The Peabodys (and suitors) afresh

Attaining 'a decent independence' was better than learning to 'bake a pudding'

In the pantheon of notable 19th-century American women, Elizabeth Peabody is a particularly bright light. Her contributions to intellectual thought, educational methods, and literary culture are astonishing, especially in a age when most women were constrained by the demands of kitchen and cradle.

Elizabeth's writing on transcendental religious ideas preceded that of Ralph Waldo Emerson. She developed her own classroom teaching techniques to foster individual learning and later joined with Bronson Alcott to start an innovative school that focused on drawing out the thoughts of each child. She also opened a foreign- language bookstore in Boston and promoted the writing of promising authors like Nathaniel Hawthorne and Margaret Fuller.

Her most important contribution to American education was probably the establishment of kindergartens after the Civil War. Henry James immortalized her as the reformer Miss Birdseye in "The Bostonians." And to the end of her 90 years, she wrote - articles, books, journals, and letters, letters, letters. Her family and friends saved most of that correspondence and responded in kind.

All that writing is a mother lode that Megan Marshall has mined for details of the life Elizabeth Peabody shared with her two remarkable younger sisters, Mary and Sophia, dominating that life most of the time. They were Renaissance women as well. "The Peabody sisters ... were fortunate to arrive on an American scene in which women moved freely in intellectual circles and women's ideas were welcome in conversation, if not always in print," writes Marshall.

Mary was a gifted teacher, partnering Elizabeth in classrooms or creating her own. In later years, she helped to promote the kindergarten movement. Mary married Horace Mann, who reformed Massachusetts public schools and then moved on to be the first president of Antioch College in Ohio.

Sophia, the youngest, a talented painter and sculptor, became the wife of Nathaniel Hawthorne, who wrote his best-known books after they married.

Twenty years of meticulous effort went into writing "The Peabody Sisters: Three Women Who Ignited American Romanticism." In addition to known Peabody papers, Marshall found documents never before used for books on the sisters.

The resulting biography, studded with quoted phrases from all those letters and journals, unfolds in chronological order as Marshall charts the earlier Peabodys' family history of economic and social decline. The sisters were born to parents whose precarious finances forced them to move frequently, although they probably called Salem home more often than any other place.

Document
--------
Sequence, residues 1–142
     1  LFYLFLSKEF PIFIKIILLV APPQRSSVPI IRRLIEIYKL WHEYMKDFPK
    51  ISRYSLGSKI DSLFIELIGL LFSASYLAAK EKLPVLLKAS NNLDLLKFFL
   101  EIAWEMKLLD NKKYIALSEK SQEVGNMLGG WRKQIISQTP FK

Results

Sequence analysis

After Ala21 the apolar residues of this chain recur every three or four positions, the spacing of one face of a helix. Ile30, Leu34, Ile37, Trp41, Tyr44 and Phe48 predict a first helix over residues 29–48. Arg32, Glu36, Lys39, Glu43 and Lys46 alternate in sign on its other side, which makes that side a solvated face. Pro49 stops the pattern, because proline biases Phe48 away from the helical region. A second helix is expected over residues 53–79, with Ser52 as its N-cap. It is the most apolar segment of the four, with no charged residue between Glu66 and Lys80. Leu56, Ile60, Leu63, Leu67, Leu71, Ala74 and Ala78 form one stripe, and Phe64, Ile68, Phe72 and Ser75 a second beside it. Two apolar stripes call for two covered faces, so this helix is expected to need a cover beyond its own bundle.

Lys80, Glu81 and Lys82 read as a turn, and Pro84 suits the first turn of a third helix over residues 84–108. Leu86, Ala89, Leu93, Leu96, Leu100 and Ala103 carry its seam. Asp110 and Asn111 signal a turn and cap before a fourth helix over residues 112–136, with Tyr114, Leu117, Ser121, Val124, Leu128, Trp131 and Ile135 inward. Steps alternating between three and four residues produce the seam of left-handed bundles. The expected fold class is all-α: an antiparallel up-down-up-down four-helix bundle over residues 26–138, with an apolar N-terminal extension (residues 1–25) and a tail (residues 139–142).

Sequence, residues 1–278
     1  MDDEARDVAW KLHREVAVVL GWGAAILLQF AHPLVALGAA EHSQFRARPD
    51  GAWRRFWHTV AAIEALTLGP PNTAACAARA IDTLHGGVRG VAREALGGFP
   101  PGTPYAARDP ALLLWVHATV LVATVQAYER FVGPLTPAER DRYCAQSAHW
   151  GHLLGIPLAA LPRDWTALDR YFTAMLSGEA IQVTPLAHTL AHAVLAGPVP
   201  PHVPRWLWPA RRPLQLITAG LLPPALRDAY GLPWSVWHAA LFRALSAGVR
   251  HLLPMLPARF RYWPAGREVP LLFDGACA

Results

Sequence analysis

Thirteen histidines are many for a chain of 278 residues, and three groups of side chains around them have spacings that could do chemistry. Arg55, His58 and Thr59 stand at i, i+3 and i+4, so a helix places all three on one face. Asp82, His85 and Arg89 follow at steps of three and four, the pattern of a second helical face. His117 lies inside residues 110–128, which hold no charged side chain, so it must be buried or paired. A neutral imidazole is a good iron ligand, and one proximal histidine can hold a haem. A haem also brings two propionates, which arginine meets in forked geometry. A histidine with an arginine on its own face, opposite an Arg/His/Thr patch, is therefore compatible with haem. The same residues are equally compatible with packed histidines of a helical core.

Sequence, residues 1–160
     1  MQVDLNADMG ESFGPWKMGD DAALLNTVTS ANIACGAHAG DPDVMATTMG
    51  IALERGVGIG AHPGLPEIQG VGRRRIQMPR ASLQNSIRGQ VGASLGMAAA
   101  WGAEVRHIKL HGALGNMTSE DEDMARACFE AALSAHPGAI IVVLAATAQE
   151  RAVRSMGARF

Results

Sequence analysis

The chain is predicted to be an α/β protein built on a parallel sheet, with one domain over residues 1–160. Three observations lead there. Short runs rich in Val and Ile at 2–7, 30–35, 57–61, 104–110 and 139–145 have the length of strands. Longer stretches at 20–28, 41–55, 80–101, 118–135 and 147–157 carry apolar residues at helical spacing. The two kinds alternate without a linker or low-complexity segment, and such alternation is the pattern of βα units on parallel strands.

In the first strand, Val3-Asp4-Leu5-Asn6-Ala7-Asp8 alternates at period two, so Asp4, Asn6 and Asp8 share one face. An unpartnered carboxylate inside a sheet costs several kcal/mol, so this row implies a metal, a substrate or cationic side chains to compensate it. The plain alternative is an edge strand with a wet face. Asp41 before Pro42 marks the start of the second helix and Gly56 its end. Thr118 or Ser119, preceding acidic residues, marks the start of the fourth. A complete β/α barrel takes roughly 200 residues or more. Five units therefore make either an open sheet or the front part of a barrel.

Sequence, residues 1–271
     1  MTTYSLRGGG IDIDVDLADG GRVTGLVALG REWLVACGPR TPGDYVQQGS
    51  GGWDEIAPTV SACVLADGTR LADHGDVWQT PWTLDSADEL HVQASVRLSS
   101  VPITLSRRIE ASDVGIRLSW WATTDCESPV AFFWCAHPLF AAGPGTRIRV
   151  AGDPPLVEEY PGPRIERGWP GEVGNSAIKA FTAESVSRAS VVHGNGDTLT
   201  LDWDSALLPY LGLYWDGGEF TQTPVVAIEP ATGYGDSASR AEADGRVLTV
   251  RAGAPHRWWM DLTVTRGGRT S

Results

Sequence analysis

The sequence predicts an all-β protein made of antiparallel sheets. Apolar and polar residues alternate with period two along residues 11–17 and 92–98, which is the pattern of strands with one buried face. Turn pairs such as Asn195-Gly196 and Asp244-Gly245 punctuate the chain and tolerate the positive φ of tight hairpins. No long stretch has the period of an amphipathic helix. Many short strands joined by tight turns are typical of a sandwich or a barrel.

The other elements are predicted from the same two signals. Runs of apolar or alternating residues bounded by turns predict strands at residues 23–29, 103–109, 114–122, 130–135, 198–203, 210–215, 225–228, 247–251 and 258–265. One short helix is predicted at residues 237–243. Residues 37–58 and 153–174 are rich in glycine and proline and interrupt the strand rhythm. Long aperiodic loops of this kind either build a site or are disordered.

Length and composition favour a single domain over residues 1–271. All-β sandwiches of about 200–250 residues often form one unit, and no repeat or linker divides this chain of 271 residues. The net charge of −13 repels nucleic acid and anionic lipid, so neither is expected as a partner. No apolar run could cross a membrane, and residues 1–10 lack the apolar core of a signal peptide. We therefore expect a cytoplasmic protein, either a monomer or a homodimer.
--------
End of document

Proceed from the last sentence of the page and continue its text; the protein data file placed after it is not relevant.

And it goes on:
But their mother was able to provide them with a thorough classical education. She had read widely in her eminent grandfather's well-stocked library when she was a child and was determined to promote the intellectual development of her children. At age 13, Elizabeth discussed theology with William Ellery Channing, the radical Unitarian minister. Emerson, when a college student, tutored her in Greek.

Mrs. Peabody said she was more interested in seeing the girls attain "a decent independence" than learn to "sew a shirt and bake a pudding." In addition to raising three daughters and three sons, the determined mother helped support the family by establishing schools for girls in the various places they lived.

Readers who remember "The Peabody Sisters of Salem," by Louise Hall Tharp, a popular biography published more than 50 years ago, will be intrigued to find that Marshall has solved the mystery of Elizabeth's unidentified early suitor, L.B. His depression and subsequent demise after she rejected him haunted Elizabeth later in her life.

Marshall has also unearthed details that throw a new light on the sisters' relationship. Especially fascinating is the information about the double romantic triangles: Elizabeth played a part in the relationship of Mary and Horace Mann as well as that of Sophia and Nathaniel Hawthorne.

A grieving widower when he first met the Peabodys, Mann took comfort in Elizabeth's arms (literally) at first. But Mary had fallen in love with him and was patient - for almost seven years.

While it's not clear that Elizabeth had more than sisterly feelings for Mann, her early relationship to Hawthorne may have been more than that of publisher and literary agent. An "understanding" may have existed - there are conflicting sources.

However, there's no doubt that when Sophia and Hawthorne finally met, the attraction was electric. He gave her the strength to move away from invalidism (and reliance on opium) to a degree of health. She outlived him.

But the "happily ever after" story for the marrying sisters and the single sister's years of great accomplishments are not recounted in this biography, except in an epilogue. Perhaps another volume of sisterhood is to come.

Ruth Johnstone Wales is a former Monitor editor.

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